Since there has not been a spree for awhile, I thought this would be appropriate posted here. edd, please leave his up so the playwrights can see how the DGA is actively working for them
Has anyone attended such an event in their region?
Dramatists Guild Director/Playwright Exchange in Chicago.
I took part in the DGA Midwest Region Director/Playwright Exchange event at Steppenwolf Theatre last night. If there is one sponsored by the Guild in your area, I would suggest you attend. If there is not one, contact the
DGA, find out who your Regional Rep is and see if he/she can set one up.
Playwrights came in from as far as 4 hours away.
Prior to the event, every playwright accepted (20) submitted a bio and a description of something they were currently working on. And every director (10) submitted a bio and a statement of what types of theatre/plays they were interested in.
We all had received everyone’s statements several days ahead of time to peruse. From their bios and statements read beforehand, I had targeted five directors. No sense for me wasting my time with someone who wants to develop work “from the ground up with a company of actors.” That is not how I operate. I took a small “cheat sheet” with with me to remind me what to say to each person based upon their statements and how it related to the play I was trying to interest them in.
The thing is, if you get a notice from the DGA about such an event held in your area, it will only be the first 20 people who respond who had not been to such an event in the last 18 months. So, if you get a notice, don’t dilly-dally. The other thing is if you go, don’t waste your time or the other playwrights. Meet someone, get your business done and move on. Everyone knows why they are there. (We all had name tags, so it was easy.)
No writer was to bring scripts or resume’s to the Exchange. Just business cards. Which meant I had to get some printed up because the last time I ever had a business card was about 25 years ago. At the time, I think I handed out 2 of them. I never needed them. The fellows at my local copy shop helped me out. Charge 15 bucks for fifty. I handed out 10 last night. The rest will probably stay in my drawer for the next 25 years!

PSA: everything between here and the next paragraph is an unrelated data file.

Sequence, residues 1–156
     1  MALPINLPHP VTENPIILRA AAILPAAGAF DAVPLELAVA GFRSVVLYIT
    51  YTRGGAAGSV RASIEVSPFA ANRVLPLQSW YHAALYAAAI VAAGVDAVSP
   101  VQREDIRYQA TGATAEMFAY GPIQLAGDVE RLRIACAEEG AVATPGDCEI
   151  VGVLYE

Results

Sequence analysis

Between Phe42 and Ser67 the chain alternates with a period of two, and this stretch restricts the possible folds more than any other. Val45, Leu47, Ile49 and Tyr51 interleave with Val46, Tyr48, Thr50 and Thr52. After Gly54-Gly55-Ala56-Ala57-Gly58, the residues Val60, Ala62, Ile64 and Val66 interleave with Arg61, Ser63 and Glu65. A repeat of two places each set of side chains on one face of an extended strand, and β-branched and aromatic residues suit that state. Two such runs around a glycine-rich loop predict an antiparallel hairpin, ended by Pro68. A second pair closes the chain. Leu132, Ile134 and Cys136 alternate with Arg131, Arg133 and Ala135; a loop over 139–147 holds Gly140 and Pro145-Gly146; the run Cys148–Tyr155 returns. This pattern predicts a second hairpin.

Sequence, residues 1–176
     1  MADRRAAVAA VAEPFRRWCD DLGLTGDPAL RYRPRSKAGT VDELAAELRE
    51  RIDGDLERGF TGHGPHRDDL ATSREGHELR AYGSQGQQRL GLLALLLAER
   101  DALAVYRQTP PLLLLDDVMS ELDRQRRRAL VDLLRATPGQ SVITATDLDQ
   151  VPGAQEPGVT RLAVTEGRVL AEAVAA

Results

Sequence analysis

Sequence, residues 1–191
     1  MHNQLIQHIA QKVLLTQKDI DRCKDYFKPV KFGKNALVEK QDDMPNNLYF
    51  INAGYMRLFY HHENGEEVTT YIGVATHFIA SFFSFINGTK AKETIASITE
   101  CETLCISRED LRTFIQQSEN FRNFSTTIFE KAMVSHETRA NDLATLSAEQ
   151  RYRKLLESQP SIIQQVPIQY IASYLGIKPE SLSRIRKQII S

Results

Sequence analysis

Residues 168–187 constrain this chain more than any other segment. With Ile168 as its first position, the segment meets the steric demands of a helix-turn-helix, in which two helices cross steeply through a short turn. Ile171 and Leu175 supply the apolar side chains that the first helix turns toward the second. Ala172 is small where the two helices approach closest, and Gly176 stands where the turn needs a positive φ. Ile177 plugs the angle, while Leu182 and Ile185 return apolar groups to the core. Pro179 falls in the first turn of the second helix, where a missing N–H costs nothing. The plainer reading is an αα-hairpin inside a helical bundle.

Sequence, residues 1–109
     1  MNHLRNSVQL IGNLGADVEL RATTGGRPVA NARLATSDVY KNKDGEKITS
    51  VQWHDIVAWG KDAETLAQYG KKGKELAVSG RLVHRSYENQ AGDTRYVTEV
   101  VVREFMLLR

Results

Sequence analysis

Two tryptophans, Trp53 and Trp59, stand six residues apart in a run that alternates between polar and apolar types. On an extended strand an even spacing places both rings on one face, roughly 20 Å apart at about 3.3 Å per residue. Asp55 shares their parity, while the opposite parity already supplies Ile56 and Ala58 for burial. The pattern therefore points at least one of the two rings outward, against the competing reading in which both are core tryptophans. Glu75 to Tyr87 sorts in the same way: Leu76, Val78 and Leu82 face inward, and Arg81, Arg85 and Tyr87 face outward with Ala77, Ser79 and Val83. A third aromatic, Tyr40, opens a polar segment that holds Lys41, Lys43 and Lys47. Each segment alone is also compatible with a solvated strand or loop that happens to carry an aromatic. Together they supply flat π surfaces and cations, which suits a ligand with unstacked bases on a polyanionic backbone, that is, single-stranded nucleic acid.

Doug Post and Elizabeth Margolius, Co-Founder and Co-Artistic Director of DirectorsLabChicago based on the Lincoln Center model where she had worked, hosted the event. Doug's great for the Guild as the regional rep for Chicago.
The bar was open courtesy of the DGA. (I had bottled water. Honestly, I did.) Then we sat in a circle - actually a Hippodrome formation of chairs - for about 15 minutes. Doug explained the simple ground rules and how it operates in NYC. We all then introduced ourselves and then informally found the people we were interested in. It was made pretty simple.
I spoke to all five plus one that I had not targeted, and a fellow who had an Equity theatre from out of town that showed up. We actually had someone in common we knew. He wants a full script of a particular play that would appropriate to their theatre.
Out of the seven I met, I am sending six plays. I suggested I send them only send the first 15 pages. I found it funny I was the one who suggested that (as usually it is theatres) but they were actually appreciative of my suggestion. I told them, “You will know by then if there is any interest. Just ask for more if you like it.” I figured if there was a whole play lingering in an attachment, it could “loom” over them like a "Past Due" bill. I wanted to make it “Consumer Friendly” for them. This way they can “get in and get out” as David Mamet says in his play “Edmond.”
Everyone I met, both playwrights and directors, were very nice and courteous people.
It lasted only 2 hours. And a lot got done by all.
It really was a wonderful evening. Quite informal.